I have chosen to write about the views expressed by three journalists who are covering the 11th Festival of Pacific Arts (FOPA).
The first is an Aboriginal new Media Artist; Jenny Fraser who described her delegation’s arrival in Solomon Islands the Saturday before the official opening as hitting the ground running.
She said that starting from the official opening on Monday last week “it’s been hectic and massive with so much going on which you cannot absorb within the short period of time we have and you miss out on a lot as well.”
Ms Fraser described the Festival and Solomon Islands audience as has been “inspiring, warm, enthusiastic, welcoming and an audience being fascinated by everything that has been going.”
She said that the Aboriginal performance group described their performance at the Panatina Pasifika Performing stage as “the best gig they ever played and they loved the audience.”
Ms Fraser said the power disruption at Lawson Tama on the opening night reflected a positive character in Solomon Islands people.
“Elsewhere people would just leave once that happened. But at Lawson Tama that night people turned on torches on mobile phones instead and created their own way of enjoying themselves despite of what had happened, she said.
On the festival itself, Ms. Fraser said she will always recommend the Pacific Festival to anyone back home.
“The Pacific Arts Festival gives you the best opportunity to learn and interact with others about your cultures.
“This is something which is difficult to get when you travel to places as a tourist in a tourist setting where you do not have the same opportunity to learn about other people’s culture as in the case of a Festival of Pacific Arts.
Ms Fraser is working on producing a music clip which she will present as a gift to the Australian delegation by posting it in “Vimeo” where you have more copy rights over its usage than the “You Tube” for purposes of publicity.
Giving the festival publicity and promotion is important because there are people who come to the Solomon Islands for the first time and there are those from the Australian outback deserts and they need to see the contrast to their desert environment of the Solomon Islands pristine – unspoiled landscape.
Ms Fraser is doing her PHD at the Batchelor Institute in the Northern Territory and the Festival of Pacific Arts is relevant to the topic she has chosen for her PHD.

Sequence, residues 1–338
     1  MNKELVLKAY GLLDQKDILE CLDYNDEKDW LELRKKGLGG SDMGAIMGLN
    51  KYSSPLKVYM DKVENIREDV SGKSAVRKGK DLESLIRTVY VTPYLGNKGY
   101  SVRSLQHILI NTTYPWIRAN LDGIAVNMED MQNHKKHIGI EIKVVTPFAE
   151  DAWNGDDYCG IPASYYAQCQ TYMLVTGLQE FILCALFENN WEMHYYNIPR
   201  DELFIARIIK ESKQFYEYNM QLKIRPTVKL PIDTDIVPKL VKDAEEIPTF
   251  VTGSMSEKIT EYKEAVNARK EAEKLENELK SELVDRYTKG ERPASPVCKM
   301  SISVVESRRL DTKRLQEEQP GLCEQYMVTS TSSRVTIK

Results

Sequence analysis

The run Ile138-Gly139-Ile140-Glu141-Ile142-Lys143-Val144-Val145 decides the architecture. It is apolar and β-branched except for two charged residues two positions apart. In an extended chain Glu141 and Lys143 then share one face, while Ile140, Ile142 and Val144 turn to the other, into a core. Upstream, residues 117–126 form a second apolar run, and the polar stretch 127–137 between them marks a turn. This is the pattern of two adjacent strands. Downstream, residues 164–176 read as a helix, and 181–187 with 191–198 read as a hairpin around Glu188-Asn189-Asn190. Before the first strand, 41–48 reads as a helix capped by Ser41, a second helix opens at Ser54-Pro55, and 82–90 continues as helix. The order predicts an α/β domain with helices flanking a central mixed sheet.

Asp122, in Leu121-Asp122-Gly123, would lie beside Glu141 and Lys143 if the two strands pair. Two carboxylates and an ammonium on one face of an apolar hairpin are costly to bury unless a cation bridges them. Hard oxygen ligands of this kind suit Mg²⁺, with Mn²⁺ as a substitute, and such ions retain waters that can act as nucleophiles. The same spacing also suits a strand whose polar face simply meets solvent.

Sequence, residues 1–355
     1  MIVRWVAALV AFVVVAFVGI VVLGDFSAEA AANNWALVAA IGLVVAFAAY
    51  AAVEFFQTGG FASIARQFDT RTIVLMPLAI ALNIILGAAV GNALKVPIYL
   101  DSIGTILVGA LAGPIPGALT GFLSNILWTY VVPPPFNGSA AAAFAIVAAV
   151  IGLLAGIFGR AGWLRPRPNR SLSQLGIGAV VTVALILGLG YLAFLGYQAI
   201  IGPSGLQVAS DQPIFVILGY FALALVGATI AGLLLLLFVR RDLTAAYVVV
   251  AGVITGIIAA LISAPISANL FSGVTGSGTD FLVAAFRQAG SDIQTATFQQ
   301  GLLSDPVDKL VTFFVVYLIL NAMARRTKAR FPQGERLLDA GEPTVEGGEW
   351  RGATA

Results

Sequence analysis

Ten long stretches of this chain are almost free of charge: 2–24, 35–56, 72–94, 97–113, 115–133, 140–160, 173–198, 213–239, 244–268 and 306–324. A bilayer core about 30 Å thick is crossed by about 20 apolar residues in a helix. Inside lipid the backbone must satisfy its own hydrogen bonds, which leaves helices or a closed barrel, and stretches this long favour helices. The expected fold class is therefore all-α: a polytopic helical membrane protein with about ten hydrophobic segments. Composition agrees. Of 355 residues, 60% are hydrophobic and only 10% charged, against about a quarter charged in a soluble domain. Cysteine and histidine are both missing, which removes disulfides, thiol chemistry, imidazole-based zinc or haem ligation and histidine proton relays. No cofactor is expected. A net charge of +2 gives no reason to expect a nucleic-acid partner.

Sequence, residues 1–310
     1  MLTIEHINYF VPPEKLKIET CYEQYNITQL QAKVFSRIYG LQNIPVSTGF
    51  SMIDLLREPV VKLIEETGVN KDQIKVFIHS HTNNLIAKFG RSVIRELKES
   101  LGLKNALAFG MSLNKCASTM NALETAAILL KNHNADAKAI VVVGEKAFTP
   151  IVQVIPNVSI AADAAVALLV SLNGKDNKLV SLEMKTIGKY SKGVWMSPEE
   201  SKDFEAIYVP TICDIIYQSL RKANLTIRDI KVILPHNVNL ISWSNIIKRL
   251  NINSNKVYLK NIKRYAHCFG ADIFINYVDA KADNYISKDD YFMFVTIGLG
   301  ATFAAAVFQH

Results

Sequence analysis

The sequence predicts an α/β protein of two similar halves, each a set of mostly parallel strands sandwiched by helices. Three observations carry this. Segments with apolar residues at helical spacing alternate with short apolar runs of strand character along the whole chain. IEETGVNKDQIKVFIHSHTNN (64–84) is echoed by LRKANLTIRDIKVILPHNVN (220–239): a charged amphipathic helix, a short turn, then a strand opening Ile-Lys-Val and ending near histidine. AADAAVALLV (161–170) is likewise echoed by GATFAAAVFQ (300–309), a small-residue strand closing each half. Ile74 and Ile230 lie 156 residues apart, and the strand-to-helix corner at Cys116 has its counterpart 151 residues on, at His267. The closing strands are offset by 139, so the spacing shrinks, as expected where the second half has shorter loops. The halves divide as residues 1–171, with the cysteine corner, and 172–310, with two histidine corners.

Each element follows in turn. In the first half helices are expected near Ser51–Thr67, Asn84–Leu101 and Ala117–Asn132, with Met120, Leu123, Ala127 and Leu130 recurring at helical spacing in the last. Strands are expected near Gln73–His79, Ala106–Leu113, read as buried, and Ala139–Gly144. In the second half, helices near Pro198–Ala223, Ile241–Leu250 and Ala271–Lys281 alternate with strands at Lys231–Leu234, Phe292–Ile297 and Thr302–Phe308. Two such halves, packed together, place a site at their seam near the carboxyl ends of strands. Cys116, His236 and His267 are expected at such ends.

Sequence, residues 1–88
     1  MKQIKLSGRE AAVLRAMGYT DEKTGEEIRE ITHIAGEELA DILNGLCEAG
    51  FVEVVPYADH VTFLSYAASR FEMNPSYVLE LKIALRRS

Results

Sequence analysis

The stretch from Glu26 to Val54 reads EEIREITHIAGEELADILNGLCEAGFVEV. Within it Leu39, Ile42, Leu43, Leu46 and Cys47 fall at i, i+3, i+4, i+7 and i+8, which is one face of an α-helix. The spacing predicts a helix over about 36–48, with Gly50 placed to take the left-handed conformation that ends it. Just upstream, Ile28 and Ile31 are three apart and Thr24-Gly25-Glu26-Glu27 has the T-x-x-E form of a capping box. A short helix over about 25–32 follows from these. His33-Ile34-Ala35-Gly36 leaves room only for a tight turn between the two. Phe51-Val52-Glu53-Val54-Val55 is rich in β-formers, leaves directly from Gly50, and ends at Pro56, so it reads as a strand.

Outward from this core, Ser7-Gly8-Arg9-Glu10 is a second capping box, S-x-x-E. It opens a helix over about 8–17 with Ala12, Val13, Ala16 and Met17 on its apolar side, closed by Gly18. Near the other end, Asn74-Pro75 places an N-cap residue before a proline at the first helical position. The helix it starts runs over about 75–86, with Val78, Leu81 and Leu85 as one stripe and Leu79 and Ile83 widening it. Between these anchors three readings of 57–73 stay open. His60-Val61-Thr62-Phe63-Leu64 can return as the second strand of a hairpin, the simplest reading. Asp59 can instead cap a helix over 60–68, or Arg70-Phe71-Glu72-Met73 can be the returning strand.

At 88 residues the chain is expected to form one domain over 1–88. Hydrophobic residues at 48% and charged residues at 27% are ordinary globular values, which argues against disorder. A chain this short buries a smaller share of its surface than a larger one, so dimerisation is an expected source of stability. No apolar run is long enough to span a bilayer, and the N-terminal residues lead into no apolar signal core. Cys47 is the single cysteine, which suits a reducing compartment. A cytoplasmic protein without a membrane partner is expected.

‘The Healing Arts’ she explained that her work is focusing on ‘revitalizing language and culture through Arts as it is good for healing trans-generational trauma.
“It helps to fill a void in you. I am focusing on digital story telling as people need to tell their own story and be able to feel that they have ownership over their story as it is good for healing.”
Papua New Guinea
My second choice for an interview was from our largest Melanesian neighbour of Papua New Guinea. He is a multi award winning PNG journalist, the first PNG and Pacific Islander to win the prestigious News Limited Scoop of the year.
Simon Eroro hails from the Northern Province of PNG; which runs from Milne Bay to Morobe - an area which is also the site of the Kokoda trail and where the Fuzzy Wuzzy angels of WW2 hailed from; for those interested in the WW2 history in the Pacific.
Mr Eroro who works as a senior political investigative journalist for the PNG Post Courier won the prestigious News Limited Scoop of the year over investigative reporting he had undertaken on the lives of West Papuans.
Speaking to the FOPA Media Unit, the 11th Festival of Pacific Arts has a personal impact on me as an individual.
“I have come to realize that I have failed to live my own culture and all I can do is to try and ensure that my own children would not go the same way,” he said.
He said that at the Festival you realise the importance of your culture to your own very existence and it’s your own culture and tradition that define you as a human being.
“One example is language which is so important to our identities, and yet we are either ignoring them or corrupting them by introducing new words and expressions into our languages from English or Pijin.
On Solomon Islands, “the big difference between PNG and Solomon Islands is the social life of Solomon Islands, it’s so free and those that wish to know what it means to live in a peace loving country should come to the Solomon Islands”.
“I feel so secure and safe since arriving here and so much at home to the extent that I feel that Solomon Islands are just part of PNG.
“On the regional perspective of the festival, Mr. Eroro said the interactions and exchanges created by the festival made you wish that the Pacific does not have borders and that the people of this region are one people who can move about freely.
On how he rates our performance as a host country and how well we’ve managed; “you’ve done best” was Eroro’s response.
My third choice for an interview was Gabriel Tramon, a cameraman with a TV station in Easter Island, traditionally known as Rapanui called ‘Mata Ote Rapanui.’
Easter Island or Rapanui’s 33-member delegation has been one of the many Pacific delegations that took the 11th Festival of Arts by storm with their dance performances.
It is a country of 4,500 people under the control of Chile; 50 percent Chileans and 50 percent Polynesians with strong traditional and cultural influence from Tahiti.
To get here the Rapanui delegation flew from Rapanui to Santiango in Chile then to Auckland, Brisbane, and then Honiara.
They are all first timers to Solomon Islands. I asked him about his comments about the 11th Festival of Arts and after a long pause; his response was “most wonderful, perfect and Solomon Islands, a beautiful country and beautiful people.”
By DAVID TUHANUKU
CHAIRMAN MEDIA AND COMMUNICATIONS COMMITTEE